The independent student newspaper at the University of Illinois since 1871

The Daily Illini

The independent student newspaper at the University of Illinois since 1871

The Daily Illini

The independent student newspaper at the University of Illinois since 1871

The Daily Illini

The independent student newspaper at the University of Illinois since 1871

The Daily Illini

UI launches world’s first publicly accessible quantum network

Daniel Zhou
Quatum Reciever Mockup model at the Urbana Free Library on Nov. 4.

On Nov. 4, the first node of the University’s quantum network was installed in the Urbana Free Library through a live demonstration. The Grainger College of Engineering launched the project. 

The experiment mimicked the 2022 Nobel Prize-winning technology. This event marks the first time in history that the public has access to this technology.

“In 1876, Alexander Graham Bell made the first phone call … I predict that we are about to witness a very similar game-changing, transformative moment for the globe,” said Susan Martinez, vice chancellor for research and innovation, while speaking at the event.

The University and the Urbana Free Library partnered with the local nonprofit Urbana-Champaign Big Broadband to make this quantum network over optical fibers. Optical fibers are thin threads of glass that carry information in the form of light to computers.

According to the U.S. Department of Energy, a quantum network is like the networks you use every day. It allows you to share data quickly and surf the internet with ease. 

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However, when quantum physics gets involved, the capabilities are radically more extensive and powerful. These networks harness the quantum characteristics of superposition and entanglement to enable near-instantaneous processes. 

“Today we’re celebrating the fact that we’re able to send quantum particles of light, that’s the smallest bits of light, through (these fibers),” explained Virginia Lorenz, professor in Engineering. “Bringing (information) from the labs on the UIUC campus to the Urbana Free Library and back.”

This ability translates to accelerated communication, sensing and computation.

The official test launch was done on two entangled particles: One in the Loomis Laboratory of Physics and one in the library. 

Entanglement should result in any alteration on the library particle to affect concurrently the laboratory particle. The demonstrators made alterations by changing the polarity of the library particle and as a result, the laboratory particle became altered. It successfully resulted in entanglement.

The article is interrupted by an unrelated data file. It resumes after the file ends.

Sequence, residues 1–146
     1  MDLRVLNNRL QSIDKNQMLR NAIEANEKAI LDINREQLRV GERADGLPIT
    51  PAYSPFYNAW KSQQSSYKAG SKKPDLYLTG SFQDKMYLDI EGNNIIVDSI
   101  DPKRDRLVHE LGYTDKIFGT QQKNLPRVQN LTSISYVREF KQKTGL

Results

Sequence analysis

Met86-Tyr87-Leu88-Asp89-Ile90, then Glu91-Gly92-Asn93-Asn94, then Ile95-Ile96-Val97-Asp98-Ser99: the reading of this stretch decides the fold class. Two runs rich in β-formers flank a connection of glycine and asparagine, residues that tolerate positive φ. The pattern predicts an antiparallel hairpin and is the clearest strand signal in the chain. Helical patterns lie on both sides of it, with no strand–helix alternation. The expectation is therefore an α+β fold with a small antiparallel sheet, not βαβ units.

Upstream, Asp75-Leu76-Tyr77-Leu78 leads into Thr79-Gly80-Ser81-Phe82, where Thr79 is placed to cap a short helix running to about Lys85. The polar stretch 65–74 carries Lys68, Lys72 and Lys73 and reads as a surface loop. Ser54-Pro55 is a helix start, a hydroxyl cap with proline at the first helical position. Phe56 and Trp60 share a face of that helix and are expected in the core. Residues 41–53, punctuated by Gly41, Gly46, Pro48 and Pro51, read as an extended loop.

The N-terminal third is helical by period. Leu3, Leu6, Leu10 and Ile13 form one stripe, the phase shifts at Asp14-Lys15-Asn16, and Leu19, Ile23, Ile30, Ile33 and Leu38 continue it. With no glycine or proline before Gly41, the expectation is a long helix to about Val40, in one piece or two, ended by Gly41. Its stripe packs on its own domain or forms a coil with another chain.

“Soon, with some upgrades, we’ll be able to do quantum teleportation,” said Paul Kwiat, professor in Engineering. “That’s not the teleportation you may be familiar with … we’re teleporting information.”

These networks exist worldwide but unfortunately are only used for research. That is what makes this event so monumental.

“Anyone can come to this library and interact with cutting-edge technology and do the test themselves,” Lorenz said.

The network gives local children the opportunity to gain an interest in STEM fields while playing with the technology of the future. Mayor Diane Marlin of Urbana stressed the importance of this achievement for the youth and how a vast number of doors have opened for these children because of this installment.

This achievement adds to the state of Illinois’ quantum resume. With four of the 10 national centers for quantum technology residing in Illinois, the state is an industry leader in quantum applications, with Chicago being a hotspot. The University’s network will ultimately connect with the networks in Chicago according to Rashid Bashir, dean of the College of Engineering. 

“We hope that this will lead to new applications of these kinds of technologies,” Kwiat said. “My favorite example is the cellphone. The people who invented it had no idea (of) most of the applications. (They) didn’t know you were going to use them to order pizza.”

With this, Kwiat warns of the extent this technology will be used.

“This is going to be a very powerful technology,” Kwiat said.

Yet, he insisted that they are “working towards a technology that is available to everyone, serves everyone and is safe for everyone.”

“Technology like this will be as familiar to us as the internet is to us today … we’re just limited by our imagination,” Mayor Marlin said.


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Michael Sweeney
Michael Sweeney, Assistant News Editor
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